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Caixin

Lianjia to shut some Shenzhen offices after city caps home prices

Huge real estate firm sees pre-owned housing market evaporate and employees flee

Lianjia and its peers have seen pre-owned home transactions in Shenzen plummet more than two-thirds from a year earlier, according to the Shenzhen Real Estate Intermediary Association.   © AP

One of China's biggest real estate agencies plans to close a fifth of its offices in Shenzhen, where transactions for pre-owned homes have dropped dramatically since February when the city became the nation's first to attempt to cap the prices of such properties.

Lianjia, a realtor under Tencent-backed and New York Stock Exchange-listed KE Holdings, recently disclosed in an internal memo that it will close about 100 offices in the South China metropolis starting in September, an agent working for the company told Caixin.

In August, transactions for pre-owned homes in the city were down more than two-thirds from a year earlier, according to the Shenzhen Real Estate Intermediary Association (SREIA), an industry group for local realtors.

"I've only made one successful sale in the past eight months," said the agent, who is now one of less than 100 Lianjia agents still working in the district where 40% of the staff have left. "Back in 2020, I could sell about six or seven pre-owned homes a year."

Another veteran agent working for real estate platform Qfang.com agrees. He told Caixin that approximately 60% to 70% of his colleagues have not closed a single deal in the past few months. "Many of them have chosen to move to other cities in Guangdong Province, like Zhongshan and Huzhou."

On Feb. 8, Shenzhen became the first city in China to attempt to cap the prices of pre-owned homes, aiming to curb the rapid growth in housing prices.

Under the mechanism introduced by the city government, real estate agencies are not allowed to list pre-owned homes at prices higher than the reference guideline, which is determined by the city's housing watchdog based on prices over recent years and prices of new residential developments in the vicinity. The city also requires banks to screen mortgages for properties being sold at prices higher than the reference.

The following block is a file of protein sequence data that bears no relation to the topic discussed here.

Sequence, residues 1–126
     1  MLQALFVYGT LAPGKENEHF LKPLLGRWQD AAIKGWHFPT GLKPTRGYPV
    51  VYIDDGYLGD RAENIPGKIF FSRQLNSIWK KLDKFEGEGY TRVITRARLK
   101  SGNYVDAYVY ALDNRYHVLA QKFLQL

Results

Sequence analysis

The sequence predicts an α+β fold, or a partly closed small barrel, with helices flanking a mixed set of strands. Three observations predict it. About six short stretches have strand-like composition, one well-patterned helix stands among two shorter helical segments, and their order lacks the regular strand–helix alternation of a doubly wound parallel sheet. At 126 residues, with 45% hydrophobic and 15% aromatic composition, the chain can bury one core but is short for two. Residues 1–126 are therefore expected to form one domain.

However, homeowners still tend to provide realtors with an asking price that is 5% to 50% above the reference, according to Hua Hong, head of research at SREIA.

"Currently, none of my clients has agreed to price their homes lower than the reference number," another real estate agent told Caixin.

Although realtors are not allowed to list homes at prices above the reference, transactions can still take place.

In August, a total of 2,361 pre-owned homes were sold in Shenzhen, down 67% from the same period last year, SREIA figures show. By comparison, 7,939 pre-owned homes were changing hands in the city on average each month in 2020, according to real estate platform Leyoujia.com.

August was the sixth straight month that fewer than 5,000 pre-owned homes closed in the city, a threshold that is seen as a warning sign in the industry.

"As a result, real estate agencies are closing offices and their staff are quitting," Hua said.

On Sept. 2, Guangzhou, capital of Guangdong Province, also introduced a price reference system for pre-owned homes in certain neighborhoods. According to Caixin's calculations, most properties covered by the system are expected to be listed at prices 30% to 50% lower in the future.

Other provincial capitals like Sanya, Chengdu and Xi'an have also followed in Shenzhen's footsteps.

For Shenzhen, about 2,000 to 3,000 pre-owned home transactions a month might become the new norm, at least for the next half year, Hua said.

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Read also the original story.

Caixinglobal.com is the English-language online news portal of Chinese financial and business news media group Caixin. Nikkei recently agreed with the company to exchange articles in English.

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